acetate buffer (pH 4.5) mixed with 1 ml of distilled water (or DE or

DPE solutions), 0.5 ml of 200 mM Na 2 CO 3 and 0.1 ml of 1 mg ml -1

α-glucosidase solution. The reaction took place in a special vial placed in the spectrophotometer, and the absorbance at 405 nm was recorded as a function of time. The absorbance was compared to that of standard solutions of p-nitrophenol and the results were used to determine the activity of α- glucosidase. One unit of α- glucosidase was defined as the amount of enzyme required to produce 1 µmol of p-nitrophenol per minute under the assay conditions. The experiment was then repeated at different initial amounts of substrate in the range of 0.07 mM to 0.42 mM. The experiment was also run at substrate concentration of 0.35 mM in absence of α-glucosidase as a reference.

Results and Discussion

α-Amylase inhibition

The rate of reduced sugar production was determined using different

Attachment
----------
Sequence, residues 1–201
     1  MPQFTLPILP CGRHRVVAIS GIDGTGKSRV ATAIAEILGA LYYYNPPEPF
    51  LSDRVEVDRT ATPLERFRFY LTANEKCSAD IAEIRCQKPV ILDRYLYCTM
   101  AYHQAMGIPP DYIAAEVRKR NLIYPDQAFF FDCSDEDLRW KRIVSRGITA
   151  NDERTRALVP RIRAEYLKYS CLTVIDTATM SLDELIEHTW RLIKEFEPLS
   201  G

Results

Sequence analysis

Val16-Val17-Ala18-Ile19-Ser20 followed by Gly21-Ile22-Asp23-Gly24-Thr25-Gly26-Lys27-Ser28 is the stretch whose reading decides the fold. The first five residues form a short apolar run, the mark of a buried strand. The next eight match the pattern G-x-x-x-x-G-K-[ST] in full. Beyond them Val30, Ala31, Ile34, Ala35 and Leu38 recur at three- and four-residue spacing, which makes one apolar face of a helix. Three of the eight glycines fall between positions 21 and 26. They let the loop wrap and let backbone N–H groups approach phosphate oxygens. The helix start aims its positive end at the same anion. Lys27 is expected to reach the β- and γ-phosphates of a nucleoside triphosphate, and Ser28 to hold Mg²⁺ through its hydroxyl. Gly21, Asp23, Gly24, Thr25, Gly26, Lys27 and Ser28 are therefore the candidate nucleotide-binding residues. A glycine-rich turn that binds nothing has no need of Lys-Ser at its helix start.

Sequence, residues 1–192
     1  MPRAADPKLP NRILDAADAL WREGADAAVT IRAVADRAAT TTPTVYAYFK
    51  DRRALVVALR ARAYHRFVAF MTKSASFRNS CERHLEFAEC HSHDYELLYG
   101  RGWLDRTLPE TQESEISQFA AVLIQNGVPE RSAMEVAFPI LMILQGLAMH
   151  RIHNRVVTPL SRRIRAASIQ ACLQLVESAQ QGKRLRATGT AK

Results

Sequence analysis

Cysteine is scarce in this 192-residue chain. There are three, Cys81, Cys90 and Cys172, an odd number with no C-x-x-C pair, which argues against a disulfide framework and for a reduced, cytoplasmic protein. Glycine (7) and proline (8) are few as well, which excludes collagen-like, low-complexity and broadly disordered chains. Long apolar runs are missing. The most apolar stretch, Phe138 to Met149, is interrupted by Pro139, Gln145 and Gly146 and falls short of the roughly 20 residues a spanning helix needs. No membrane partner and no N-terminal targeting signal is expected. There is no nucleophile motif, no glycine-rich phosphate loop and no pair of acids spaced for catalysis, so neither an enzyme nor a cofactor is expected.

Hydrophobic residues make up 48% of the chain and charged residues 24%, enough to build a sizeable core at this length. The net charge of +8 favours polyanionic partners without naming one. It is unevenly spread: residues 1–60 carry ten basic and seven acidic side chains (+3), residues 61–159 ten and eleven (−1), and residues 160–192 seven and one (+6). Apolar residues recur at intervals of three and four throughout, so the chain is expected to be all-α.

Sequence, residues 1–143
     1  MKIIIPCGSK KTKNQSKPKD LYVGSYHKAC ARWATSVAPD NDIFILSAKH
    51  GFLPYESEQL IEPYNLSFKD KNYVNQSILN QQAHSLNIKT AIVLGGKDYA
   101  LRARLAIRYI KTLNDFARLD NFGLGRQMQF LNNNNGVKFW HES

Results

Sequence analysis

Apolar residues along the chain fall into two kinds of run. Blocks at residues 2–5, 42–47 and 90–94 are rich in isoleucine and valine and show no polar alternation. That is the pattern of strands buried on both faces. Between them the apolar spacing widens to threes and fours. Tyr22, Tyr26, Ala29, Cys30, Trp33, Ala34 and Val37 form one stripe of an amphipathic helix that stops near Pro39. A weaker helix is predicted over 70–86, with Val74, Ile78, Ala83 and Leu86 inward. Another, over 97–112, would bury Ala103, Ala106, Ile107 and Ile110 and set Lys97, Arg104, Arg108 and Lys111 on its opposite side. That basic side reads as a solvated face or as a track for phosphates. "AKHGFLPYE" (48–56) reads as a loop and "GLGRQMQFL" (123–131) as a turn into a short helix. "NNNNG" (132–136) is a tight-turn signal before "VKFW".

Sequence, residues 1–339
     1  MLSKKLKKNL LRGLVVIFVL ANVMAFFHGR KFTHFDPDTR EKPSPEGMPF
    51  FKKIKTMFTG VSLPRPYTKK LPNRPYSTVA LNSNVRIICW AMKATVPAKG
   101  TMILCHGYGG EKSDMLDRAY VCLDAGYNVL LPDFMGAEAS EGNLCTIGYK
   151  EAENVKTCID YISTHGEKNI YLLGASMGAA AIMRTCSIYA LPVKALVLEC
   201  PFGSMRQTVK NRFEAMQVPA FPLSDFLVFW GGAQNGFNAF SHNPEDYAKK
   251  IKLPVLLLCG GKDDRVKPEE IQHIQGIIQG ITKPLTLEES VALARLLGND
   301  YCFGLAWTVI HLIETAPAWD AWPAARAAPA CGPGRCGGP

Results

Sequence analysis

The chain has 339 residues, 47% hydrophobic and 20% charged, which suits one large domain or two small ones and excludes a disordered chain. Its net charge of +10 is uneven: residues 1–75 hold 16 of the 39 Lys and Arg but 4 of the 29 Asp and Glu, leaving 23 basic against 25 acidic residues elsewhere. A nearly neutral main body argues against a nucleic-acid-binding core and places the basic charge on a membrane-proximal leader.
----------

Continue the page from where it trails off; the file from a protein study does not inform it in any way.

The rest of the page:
initial starch concentrations, with and without the presence of DE. To eliminate the effect of reduced sugar initially found in the date- extract, the results were presented in terms of deviation maltose concentration, P, defined as difference between the concentration of reduced sugar at anytime and that at time zero. An example of the deviation maltose production with time, with and in absence of DE,

at initial starch concentration of 33 g l -1 is shown in Fig. 1. All

experiments were done in duplicate, and the reproducibility of the results is confirmed from the small error bars shown in the figure. Although slight inhibition effect was observed, the results show that

the presence of DE has insignificant effect on the activity of α- amylase. Similar results were also observed at other initial starch concentration in the range of 33 to 66 g l -1 .

α-Amylase activity was determined at different initial substrate concentrations and the results are shown in Table 1, with and without the presence of DE. It can be seen that the presence of DE